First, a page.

Michigan Wiping 'R-Word' From Its Laws
Bills will remove 'retarded' and related words from the books
By Arden Dier, Newser Staff
Posted Mar 28, 2014 9:15 AM CDT
In this July 19, 2013, file photo, Michigan Gov. Rick Snyder speaks during a news conference in Detroit.   (AP Photo/Carlos Osorio, File)

(Newser) – A few choice words are likely to be excised from Michigan law today, as Lt. Gov. Brian Calley is set to sign what is known as the "R-Word" package of bills into state law. The package—which contains eight House bills and seven Senate bills passed unanimously last Thursday, the Detroit Free Press earlier reported—will replace words like "retarded" and "mental retardation" with "developmental disability." Those soon-to-be-wiped words appear 15 times in Michigan laws on everything from mental health to education, CBS Detroit reports.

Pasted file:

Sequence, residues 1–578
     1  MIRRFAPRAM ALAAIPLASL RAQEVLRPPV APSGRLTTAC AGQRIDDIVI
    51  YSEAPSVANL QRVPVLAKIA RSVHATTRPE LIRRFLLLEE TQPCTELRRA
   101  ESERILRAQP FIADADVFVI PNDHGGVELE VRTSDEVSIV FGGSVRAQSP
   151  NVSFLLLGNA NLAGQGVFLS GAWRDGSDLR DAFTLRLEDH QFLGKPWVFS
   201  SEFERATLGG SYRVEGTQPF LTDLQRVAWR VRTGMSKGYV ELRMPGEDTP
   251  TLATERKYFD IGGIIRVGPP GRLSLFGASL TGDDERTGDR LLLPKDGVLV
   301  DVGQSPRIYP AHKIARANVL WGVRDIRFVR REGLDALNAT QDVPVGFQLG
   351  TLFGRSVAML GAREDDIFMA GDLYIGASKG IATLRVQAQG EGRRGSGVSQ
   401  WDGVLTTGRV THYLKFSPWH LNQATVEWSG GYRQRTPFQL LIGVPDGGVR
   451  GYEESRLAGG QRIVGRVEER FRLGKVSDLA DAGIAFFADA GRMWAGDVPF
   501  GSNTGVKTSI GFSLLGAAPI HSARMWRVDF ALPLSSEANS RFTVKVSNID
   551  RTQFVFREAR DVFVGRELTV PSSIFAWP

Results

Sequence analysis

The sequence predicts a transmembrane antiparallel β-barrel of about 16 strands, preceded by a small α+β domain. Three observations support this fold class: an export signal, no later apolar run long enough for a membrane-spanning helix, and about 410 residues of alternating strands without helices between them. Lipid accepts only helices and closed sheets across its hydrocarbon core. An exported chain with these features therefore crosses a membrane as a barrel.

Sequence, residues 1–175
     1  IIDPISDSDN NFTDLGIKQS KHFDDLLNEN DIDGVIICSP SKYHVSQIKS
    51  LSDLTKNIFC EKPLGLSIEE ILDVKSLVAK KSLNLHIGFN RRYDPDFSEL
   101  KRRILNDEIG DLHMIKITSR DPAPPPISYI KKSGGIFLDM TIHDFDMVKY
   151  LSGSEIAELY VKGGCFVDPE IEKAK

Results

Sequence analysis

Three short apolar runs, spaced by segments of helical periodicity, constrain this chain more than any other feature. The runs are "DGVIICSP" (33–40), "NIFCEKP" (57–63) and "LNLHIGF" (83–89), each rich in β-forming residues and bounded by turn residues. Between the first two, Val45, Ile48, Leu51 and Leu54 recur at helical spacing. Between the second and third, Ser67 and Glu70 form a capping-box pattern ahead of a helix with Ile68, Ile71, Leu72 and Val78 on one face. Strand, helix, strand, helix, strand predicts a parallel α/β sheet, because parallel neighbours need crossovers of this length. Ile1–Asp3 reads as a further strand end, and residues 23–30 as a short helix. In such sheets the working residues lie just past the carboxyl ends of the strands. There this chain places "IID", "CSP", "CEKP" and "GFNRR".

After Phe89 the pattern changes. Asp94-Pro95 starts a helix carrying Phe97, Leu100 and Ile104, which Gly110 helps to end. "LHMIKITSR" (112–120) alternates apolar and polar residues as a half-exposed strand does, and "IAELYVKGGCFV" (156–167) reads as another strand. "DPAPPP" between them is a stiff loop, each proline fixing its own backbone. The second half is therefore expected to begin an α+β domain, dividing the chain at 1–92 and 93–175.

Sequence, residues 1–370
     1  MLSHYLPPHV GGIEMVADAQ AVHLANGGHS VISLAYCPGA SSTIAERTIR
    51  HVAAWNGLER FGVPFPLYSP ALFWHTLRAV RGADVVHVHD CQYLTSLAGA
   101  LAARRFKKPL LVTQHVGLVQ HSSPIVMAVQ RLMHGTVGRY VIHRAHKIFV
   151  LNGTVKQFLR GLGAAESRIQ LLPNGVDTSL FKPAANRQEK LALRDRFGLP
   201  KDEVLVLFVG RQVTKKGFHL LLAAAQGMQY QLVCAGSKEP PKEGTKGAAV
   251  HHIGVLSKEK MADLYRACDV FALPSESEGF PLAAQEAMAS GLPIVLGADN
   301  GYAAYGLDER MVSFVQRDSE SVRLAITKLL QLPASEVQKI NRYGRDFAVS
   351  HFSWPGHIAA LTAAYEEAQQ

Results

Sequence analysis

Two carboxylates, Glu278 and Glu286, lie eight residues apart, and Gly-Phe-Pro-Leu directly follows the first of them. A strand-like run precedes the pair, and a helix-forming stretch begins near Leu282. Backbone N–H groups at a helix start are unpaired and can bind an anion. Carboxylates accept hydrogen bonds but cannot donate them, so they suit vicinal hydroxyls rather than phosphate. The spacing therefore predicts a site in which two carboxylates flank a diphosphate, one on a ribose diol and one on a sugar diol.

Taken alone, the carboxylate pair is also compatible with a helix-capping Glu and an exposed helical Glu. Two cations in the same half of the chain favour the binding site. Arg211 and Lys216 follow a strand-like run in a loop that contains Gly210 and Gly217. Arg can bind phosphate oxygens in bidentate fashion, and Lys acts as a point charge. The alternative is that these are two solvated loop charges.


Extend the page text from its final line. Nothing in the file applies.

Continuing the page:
Special Olympics Michigan reps praised the bills, noting "mental retardation" and "mentally retarded" were removed from federal policy in 2010, and, aside from Michigan, there are only five states that haven't yet addressed the terms. "This is a historic day for Michigan," the organization's president said. "With the signing of these bills, those with developmental disabilities now have a new 'R-Word': respect." A Spread the Word to End the Word anti-bullying campaign is expected to follow at area schools.

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Showing 3 of 155 comments
Apr 4, 2014 11:38 AM CDT
Considering that the definition of the word has more than one meaning attributed to mental disability its pretty clear these republicans like most others are too ignorant to know just how much they don't know. I guess they never thought to retard this process until they understood all the ramifications of its implementation.
Mar 30, 2014 3:09 PM CDT
Since they banned the word 'Retarded', now what are we supposed to call a members of the Michigan state legislature ? I think they banned the word because they were tired of it being use on them. What a waste of time and MI taxpayer resources.
Mar 29, 2014 10:02 PM CDT
"Did I say 'historic'? I meant to say 'histrionic'.